In Common Grammar Gaffes, Part III, I discuss lie vs. lay, and is it "and me" or "and I"?
See also my blog posts, “Style Blunders in Fiction” and “Hyphens, Dashes, Ellipses.”

Saturday, August 18, 2012

Some Common Grammar Gaffes, Part I - who, that, which, and caps

by Jodie Renner, editor and author   

I don’t want to come off as some kind of “grammar gestapo” here, as the English language is in a constant state of flux, and that’s a good thing. Our language is always evolving and changing along with technological changes, changes in attitude, the influence of other cultures, street language, slang expressions, etc. That means the English language is vibrant, not stagnant, just as is our society. Language needs to keep up with changes to facilitate communication.
But it’s probably a good thing to try to have some degree of consistency and standards, so we don’t all sink to the lowest common denominator of texting-style, “fast-food” language. Plus there are still lots of literate readers out there, so it’s best to err on the side of correct accepted language, to keep the respect of the readers.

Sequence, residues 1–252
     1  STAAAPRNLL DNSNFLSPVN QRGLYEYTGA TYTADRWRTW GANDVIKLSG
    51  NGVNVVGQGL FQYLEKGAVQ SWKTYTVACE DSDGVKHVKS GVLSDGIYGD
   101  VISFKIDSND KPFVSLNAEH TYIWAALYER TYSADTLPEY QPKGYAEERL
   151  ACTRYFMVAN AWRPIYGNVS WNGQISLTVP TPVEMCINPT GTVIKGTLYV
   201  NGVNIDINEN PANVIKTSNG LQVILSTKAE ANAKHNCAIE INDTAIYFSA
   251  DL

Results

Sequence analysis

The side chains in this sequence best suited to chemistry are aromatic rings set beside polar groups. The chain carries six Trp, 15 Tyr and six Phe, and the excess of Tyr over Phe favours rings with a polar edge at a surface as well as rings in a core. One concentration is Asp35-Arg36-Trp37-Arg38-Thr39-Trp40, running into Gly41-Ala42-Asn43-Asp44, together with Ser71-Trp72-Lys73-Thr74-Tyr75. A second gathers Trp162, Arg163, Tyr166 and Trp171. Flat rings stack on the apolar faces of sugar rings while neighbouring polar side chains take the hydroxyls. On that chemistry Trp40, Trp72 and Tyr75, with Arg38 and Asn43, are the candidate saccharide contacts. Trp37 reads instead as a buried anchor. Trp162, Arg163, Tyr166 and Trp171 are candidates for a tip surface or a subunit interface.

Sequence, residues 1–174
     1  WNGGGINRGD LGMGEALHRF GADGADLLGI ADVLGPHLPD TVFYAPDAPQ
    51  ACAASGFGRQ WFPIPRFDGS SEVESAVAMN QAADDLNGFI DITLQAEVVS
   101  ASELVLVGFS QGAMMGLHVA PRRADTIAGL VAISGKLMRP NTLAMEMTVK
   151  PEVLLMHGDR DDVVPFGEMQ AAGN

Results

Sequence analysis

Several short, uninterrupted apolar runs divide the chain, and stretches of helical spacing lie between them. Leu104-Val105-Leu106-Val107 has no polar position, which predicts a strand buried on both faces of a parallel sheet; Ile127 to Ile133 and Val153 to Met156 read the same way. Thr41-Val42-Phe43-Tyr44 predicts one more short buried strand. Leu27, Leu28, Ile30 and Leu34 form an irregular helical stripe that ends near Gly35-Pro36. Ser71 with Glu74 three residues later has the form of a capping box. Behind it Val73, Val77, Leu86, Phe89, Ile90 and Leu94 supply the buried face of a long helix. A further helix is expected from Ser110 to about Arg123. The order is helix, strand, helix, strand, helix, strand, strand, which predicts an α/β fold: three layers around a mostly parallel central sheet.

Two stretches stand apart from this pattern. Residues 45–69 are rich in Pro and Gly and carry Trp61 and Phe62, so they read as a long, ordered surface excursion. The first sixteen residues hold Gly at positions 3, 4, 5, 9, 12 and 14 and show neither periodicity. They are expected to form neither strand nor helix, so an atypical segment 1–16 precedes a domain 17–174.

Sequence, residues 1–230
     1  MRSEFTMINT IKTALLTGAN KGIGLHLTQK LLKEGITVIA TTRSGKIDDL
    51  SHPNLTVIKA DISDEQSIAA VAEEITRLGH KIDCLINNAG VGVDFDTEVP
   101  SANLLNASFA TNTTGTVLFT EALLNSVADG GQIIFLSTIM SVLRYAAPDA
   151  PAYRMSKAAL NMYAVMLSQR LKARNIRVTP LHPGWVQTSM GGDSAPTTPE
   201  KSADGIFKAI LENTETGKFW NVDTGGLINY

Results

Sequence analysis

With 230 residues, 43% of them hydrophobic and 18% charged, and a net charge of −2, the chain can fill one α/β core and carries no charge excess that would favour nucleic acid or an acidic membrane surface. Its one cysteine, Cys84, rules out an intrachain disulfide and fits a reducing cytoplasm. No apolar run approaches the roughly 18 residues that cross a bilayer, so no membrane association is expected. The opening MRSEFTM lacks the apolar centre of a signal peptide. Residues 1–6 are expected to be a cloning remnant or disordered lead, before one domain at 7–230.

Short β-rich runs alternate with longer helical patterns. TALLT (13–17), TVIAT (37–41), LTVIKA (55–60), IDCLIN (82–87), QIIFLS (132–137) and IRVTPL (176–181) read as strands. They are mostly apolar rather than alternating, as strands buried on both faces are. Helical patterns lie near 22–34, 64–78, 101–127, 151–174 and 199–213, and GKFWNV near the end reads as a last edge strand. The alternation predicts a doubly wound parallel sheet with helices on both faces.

So here are a few common grammar blunders I see in both my editing and general reading, and some areas where even good writers sometimes goof. (All rules are per Chicago Manual of Style.)
“that” for “who”
 –  “that” is for things; “who” is for people. I’m probably not the only one who winced a bit the first 100 times I heard Katy Perry’s great song, “The One That Got Away.” I even heard the radio announcer saying, “It should be ‘The One WHO Got Away,’ of course!”

Examples of correct usage: